Saturday, May 12, 2012
So, I've worked in this here coffee industry for a while. Moreover, through touring, I've been able to checkout a lot of cafes. Some were brand new; others more established. I've even, as chance should have it, stumbled upon a few shops while they were in the middle of being built. (Mostly in the Bay Area? Coincidence?)
You couldn't/wouldn't know that... this "publication" has accomplished nothing by documenting mostly nothing. It's a huge failure. (Mediocre in content and lack of content, alike). Certainly not consistent.
That brand new feeling!
New cafes, like new bikes, new machines, new crushes, are great and feel great! It's exciting; there's something new to hopefully push the envelope or (perhaps) at the very least contribute something tasty to the area. And who knows where it will go? Will the innovation ever stop? Will the vision ever stop growing?
I suppose when you visit shops as I have (every few months or years), you notice changes a lot more easily. While the coffee is still very good (hopefully), the digs definitely get kind of worn. Some places seem to get funkier in an interesting way.... an organic way. Like hows kids become adults. Perhaps they grow into their own aesthetic.
Others, though, look pretty fucking bad. It's easy to make a mess and to let it fester.
Regardless, I've been kind of curious as to whether or not this needs to be the case at all. Things degrade. The universe is finite, right? Life. Death. Our bodies break down. I have no illusions of the very short life span of most coffee gear. Great/REALLY EXPENSIVE espresso machines have short lives. And grinders? Don't get me started.
If I've learned anything over this past year in particular, it's that having a proper respect for your tools is key to effectively brewing wonderful drinks... especially espresso. And the machine you're working on doesn't exist in a vacuum. The environment around it plays a role, too. Water enters and liquid leaves. Coffee is a corrosive material. Dedication to cleaning seems to be overwhelmingly half the role (or maybe a third....) of being a responsible and convincing barista, bar-worker, and/or shop owner. It's a lot more work than we often realize. Beyond that, it's typically work that isn't fun and often means spending longer amounts of time on closing than any of us really want to.
So, I wonder if it's possible to keep one's shop sparkling with the support of even the most dedicated baristas. Especially if it's a popular or busy establishment. Anyone have any thoughts on this? Any insight?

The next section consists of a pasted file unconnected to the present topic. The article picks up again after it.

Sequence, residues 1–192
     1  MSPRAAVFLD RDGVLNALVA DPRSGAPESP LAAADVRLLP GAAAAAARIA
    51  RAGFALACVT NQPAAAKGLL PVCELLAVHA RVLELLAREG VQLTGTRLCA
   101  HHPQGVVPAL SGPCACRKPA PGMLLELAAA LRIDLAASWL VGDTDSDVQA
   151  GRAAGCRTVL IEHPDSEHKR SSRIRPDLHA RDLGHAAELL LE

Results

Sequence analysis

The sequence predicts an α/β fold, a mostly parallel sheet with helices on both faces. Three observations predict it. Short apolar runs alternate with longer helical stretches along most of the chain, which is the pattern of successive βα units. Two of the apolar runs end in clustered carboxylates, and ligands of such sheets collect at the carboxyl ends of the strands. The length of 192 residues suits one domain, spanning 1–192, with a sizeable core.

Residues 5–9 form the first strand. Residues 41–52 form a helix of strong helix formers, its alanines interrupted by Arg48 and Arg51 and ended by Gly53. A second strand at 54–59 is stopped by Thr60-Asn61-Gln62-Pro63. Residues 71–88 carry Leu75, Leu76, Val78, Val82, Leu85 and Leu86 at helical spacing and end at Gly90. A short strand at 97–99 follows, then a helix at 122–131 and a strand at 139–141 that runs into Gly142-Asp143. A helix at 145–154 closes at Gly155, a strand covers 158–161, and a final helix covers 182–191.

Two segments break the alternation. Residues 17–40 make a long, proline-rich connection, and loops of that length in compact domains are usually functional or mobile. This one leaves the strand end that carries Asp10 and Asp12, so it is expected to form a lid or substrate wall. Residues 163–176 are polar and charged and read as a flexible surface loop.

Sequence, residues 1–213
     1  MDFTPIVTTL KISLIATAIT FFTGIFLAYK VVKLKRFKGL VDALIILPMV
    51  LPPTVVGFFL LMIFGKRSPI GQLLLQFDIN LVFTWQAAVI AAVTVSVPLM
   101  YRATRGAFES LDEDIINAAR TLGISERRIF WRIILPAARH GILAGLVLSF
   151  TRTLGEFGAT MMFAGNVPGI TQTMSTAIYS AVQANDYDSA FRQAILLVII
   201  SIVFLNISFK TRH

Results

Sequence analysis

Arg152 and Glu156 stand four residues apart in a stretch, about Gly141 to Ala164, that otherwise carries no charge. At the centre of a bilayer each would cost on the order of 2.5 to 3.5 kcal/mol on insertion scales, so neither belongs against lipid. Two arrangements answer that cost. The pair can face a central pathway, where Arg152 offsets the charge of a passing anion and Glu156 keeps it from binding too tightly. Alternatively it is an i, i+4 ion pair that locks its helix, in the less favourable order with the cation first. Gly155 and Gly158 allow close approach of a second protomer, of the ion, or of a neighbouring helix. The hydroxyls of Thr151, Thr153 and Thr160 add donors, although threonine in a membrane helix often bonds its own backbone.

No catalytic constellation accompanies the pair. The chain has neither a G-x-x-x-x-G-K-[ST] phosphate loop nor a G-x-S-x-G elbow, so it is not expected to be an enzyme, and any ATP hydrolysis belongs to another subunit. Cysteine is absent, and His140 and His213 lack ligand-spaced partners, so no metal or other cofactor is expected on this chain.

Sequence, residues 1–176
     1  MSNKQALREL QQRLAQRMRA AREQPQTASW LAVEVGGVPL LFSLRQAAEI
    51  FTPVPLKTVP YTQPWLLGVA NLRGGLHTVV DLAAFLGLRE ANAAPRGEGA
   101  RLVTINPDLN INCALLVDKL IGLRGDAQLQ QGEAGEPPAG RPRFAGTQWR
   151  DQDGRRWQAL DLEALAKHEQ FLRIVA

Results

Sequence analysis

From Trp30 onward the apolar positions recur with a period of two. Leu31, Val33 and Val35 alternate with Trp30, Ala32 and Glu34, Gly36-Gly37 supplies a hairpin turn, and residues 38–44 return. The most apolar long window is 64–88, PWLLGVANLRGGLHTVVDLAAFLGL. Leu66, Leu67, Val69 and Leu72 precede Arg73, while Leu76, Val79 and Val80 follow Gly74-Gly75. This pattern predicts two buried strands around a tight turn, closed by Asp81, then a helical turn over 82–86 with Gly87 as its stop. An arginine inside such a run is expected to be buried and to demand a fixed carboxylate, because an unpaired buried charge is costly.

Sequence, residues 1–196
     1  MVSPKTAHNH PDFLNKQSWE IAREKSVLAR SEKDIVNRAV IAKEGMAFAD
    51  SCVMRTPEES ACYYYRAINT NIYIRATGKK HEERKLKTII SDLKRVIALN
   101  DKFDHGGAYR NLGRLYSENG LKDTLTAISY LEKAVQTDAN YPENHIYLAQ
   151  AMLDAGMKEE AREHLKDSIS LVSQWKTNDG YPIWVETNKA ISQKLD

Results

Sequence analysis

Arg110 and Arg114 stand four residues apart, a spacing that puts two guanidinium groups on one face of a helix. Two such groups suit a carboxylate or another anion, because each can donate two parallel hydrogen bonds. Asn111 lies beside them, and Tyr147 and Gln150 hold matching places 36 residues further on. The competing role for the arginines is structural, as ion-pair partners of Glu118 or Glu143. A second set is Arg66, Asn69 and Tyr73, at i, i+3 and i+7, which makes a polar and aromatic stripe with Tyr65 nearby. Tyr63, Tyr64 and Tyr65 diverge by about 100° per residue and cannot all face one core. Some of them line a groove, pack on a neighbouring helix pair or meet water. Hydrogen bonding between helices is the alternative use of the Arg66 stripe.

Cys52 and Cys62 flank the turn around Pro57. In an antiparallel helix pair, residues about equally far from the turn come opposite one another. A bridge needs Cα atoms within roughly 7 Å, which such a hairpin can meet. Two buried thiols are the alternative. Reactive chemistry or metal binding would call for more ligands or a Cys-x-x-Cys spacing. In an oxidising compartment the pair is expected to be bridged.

And if a cafe isn't super clean (visibly filthy machines), is it indicative of bad or careless practices? I'm inclined to think the answer is yes. Does that indicate that service will yield a bad product? I usually equate cleanliness with methodicalness, consistency, attention/intention: things that have all been part of delivering a decent product for me. It just seems like A LOT of very reputable shops and roasters have some gnarly looking work stations these days. Maybe I need to chill out?
Thursday, March 17, 2011
WEDNESDAY: Meet up with Tim at Townhall. Grab a most excellent pour-over of Novo’s Amaro Gayo, courtesy of one Steve Hoffman.
Band rehearsal. Everyone is at the Castle (Castle Gay, our house) and it’s kind of overwhelming in a way that was hard to anticipate. Go to Bodhi to solidify plans for next week and grab coffee. Later visit former place of employment, Ultimo or Brew...you decide. We chill it out, outside, to talk about all the things.
Later, I learn alto sax. Dumb 8 year olds do it every day, why not me? I mean I went toFRICKIN’ MUSIC SCHOOL! I’ll challenge any dumb elementary school student to a sax-off. See who leaves with the envy of the little dudes, the hearts of the lil’ dudettes… or dudes,and who leaves with a wedgey, alone…crying2.
EAT BAGEL PIZZAS WITH KEVIN AND CHRIS OF POWER ANIMAL IN KEVIN’S PARENT’S BASEMENT, LIKE ANY KID FROM NORTHEAST PHILLY. Drink some Yuengling Lager… suddenly tasting like nothing even close to acceptable (thanks a lot Trader Joe’s Vienna Lagers!)
THURSDAY: More band rehearsing. Grab a few slices at my old slice-grabbing-stomping grounds, Romeo Pizza. Holler at your $1.50 slices of greasy PLAIN (not “cheese,” you bunch of ignorant-West-Coast-pioneer-related, steelin’-up-all-the-Indian’s-gold, catchin’-all-the-Native’s-salmon, taller-than-everyone, good-gene-havin, hangtenin’, grape-growin’, makin’all-the-computer white dudes.) pizza; for they are most delicious. And cheap.
FRIDAY: Work the morning shift at Townhall. Rehearse again. Get more pizza. Go to JohnnyBrendas. Meet up with Little Teeth. Be joyous. Receive unfortunate information that my friend Anthony got shot in the throat with a BB gun yards away from the club’s entrance (WTF?), play a show with awesomely worn out embouchure. Hang with good friends Power